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Youth jailed over global computer hacking business

A young man has been jailed for two years for setting up an online computer hacking business which caused chaos all over the world.

Adam Mudd was just 16 when he created his Titanium Stresser programme, which was used to carry out more than 1.7 million attacks on websites including Minecraft, Xbox Live, and gamers' communications tool TeamSpeak.

He raked in more than £386,000 worth of US dollars and Bitcoins from selling the programme to cyber criminals across the world.

Mudd admitted his money-making scheme and was sentenced at the Old Bailey by Judge Michael Topolski QC.

The judge noted that Mudd came from a "perfectly respectable and caring family" but the effect of his crimes caused damage "from Greenland to New Zealand from Russia to Chile".

He said the sentence must have a "real element of deterrent" and refused to suspend the jail term.

"I'm entirely satisfied that you knew full well and understood completely this was not a game for fun," he told Mudd.

"It was a serious money-making business and your software was doing exactly what you created it to do".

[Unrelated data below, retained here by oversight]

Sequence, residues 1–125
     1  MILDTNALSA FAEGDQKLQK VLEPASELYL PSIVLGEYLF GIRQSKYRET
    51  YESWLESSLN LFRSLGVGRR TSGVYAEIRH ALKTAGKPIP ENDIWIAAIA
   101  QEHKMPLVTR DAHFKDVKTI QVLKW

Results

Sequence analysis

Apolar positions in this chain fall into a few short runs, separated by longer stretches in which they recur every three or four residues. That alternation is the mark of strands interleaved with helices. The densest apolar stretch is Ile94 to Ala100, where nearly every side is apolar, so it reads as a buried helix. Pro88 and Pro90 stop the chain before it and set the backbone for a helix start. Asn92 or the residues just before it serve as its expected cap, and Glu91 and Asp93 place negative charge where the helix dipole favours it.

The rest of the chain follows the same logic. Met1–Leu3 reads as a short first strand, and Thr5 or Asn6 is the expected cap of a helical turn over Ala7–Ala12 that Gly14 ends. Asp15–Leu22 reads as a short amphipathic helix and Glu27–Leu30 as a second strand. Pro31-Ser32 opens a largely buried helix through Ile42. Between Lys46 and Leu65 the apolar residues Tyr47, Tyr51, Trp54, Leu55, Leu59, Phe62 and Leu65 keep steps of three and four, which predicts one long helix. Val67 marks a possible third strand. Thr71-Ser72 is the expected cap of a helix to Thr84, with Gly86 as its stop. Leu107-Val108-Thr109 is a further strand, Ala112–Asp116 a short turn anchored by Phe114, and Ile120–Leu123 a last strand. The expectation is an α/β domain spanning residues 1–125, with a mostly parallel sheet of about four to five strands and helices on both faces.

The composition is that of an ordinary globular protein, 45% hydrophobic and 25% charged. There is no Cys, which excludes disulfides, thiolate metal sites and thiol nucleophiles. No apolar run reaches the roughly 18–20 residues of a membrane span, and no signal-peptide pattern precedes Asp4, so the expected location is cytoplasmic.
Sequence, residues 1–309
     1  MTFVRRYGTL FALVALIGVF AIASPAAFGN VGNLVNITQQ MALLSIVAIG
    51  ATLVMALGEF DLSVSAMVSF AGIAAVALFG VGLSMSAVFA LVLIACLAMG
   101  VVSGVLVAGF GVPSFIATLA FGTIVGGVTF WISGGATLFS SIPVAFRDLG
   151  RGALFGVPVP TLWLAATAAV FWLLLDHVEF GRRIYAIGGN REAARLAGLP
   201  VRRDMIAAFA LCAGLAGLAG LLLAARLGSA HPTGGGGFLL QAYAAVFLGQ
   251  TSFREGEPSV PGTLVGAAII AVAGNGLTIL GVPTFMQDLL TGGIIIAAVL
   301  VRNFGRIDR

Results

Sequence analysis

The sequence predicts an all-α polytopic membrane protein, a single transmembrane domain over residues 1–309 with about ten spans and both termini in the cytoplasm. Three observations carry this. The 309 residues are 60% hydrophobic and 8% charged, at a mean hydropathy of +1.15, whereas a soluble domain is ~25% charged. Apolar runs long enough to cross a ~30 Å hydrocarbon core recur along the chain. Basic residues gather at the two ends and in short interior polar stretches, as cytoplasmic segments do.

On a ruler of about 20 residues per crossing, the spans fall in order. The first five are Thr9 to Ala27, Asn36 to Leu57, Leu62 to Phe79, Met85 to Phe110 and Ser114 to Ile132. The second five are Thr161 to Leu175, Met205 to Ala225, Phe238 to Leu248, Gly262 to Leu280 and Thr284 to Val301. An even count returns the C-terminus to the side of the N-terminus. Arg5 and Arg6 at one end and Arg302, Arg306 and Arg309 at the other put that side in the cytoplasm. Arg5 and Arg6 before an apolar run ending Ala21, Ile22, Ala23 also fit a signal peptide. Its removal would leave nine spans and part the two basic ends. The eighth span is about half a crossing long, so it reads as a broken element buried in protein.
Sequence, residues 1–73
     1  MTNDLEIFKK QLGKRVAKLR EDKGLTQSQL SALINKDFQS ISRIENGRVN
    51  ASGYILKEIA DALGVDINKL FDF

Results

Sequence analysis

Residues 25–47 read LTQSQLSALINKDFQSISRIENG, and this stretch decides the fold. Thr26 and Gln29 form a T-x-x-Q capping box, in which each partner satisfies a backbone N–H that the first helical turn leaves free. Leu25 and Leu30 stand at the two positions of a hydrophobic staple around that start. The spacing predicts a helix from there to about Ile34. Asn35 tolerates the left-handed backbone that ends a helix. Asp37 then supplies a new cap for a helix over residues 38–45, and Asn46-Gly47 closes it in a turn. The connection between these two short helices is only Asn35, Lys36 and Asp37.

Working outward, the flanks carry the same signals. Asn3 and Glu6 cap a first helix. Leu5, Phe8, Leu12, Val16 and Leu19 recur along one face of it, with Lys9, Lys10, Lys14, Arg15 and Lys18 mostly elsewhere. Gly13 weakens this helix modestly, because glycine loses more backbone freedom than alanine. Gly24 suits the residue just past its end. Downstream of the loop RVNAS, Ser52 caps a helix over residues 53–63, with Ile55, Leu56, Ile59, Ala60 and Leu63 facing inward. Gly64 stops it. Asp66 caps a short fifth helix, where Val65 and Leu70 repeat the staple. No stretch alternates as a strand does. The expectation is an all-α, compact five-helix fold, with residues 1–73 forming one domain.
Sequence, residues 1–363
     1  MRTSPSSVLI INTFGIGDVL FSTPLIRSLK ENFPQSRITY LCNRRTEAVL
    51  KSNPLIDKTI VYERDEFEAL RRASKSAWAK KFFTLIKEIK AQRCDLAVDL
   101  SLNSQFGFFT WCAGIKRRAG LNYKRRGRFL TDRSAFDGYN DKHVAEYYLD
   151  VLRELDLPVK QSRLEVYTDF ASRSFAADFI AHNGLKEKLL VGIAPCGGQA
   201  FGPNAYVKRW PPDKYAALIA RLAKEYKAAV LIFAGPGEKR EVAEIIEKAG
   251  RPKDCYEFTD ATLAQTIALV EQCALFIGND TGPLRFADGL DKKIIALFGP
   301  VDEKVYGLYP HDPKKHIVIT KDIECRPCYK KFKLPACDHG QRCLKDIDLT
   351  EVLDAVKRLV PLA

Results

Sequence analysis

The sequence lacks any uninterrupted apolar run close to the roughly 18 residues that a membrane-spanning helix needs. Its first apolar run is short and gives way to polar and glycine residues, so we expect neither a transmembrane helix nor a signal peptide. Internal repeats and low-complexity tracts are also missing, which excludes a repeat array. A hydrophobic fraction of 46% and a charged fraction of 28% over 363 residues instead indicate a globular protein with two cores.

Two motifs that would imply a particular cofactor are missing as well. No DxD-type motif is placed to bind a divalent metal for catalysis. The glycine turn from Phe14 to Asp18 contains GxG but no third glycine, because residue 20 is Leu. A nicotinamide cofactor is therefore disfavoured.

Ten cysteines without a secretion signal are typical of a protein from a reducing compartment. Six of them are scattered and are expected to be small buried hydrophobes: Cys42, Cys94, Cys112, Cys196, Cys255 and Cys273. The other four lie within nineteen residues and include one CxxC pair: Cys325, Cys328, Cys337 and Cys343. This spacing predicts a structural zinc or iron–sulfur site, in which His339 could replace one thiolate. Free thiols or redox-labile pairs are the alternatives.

Mudd showed no emotion as he was sent down to serve his sentence in a young offenders' institution.

During the two-day hearing, prosecutor Jonathan Polnay said the effect of his hacking programme was truly global, adding: "Where there are computers there are attacks, almost every major city in the world, with hot spots in France, Paris, around the UK."

The Old Bailey heard that Mudd, who lived at home with his parents, had previously undiagnosed Asperger syndrome and was more interested in "status" in the online gaming community than the money.

The court heard that the defendant, now aged 20, carried out 594 of the distributed denial of service (DDoS) attacks himself, against 181 IP addresses, between December 2013 and March 2015.

He has admitted security breaches against his college while he was studying computer science.

The attacks on West Herts College brought down the network and cost about £2,000 to investigate, but caused "incalculable" damage to productivity, the court heard.

On one occasion in 2014, the college hacking affected 70 other schools and colleges, including Cambridge University and the Universities of Essex and East Anglia as well as local councils.

Mudd's explanation for one of the attacks was that he reported being mugged to the college but claimed no action was taken.

Mr Polnay said there were more than 112,000 registered users of Mudd's programme who hacked some 666,000 IP addresses. Of those, nearly 53,000 were in the UK.

Among the targets was the fantasy game RuneScape, which had 25,000 attacks.

It cost its owner company £6 million to try to defend itself against DDoS attacks with a revenue loss of £184,000.

The court heard that Mudd created Titanium Stresser in September 2013 using a fake name and address in Manchester.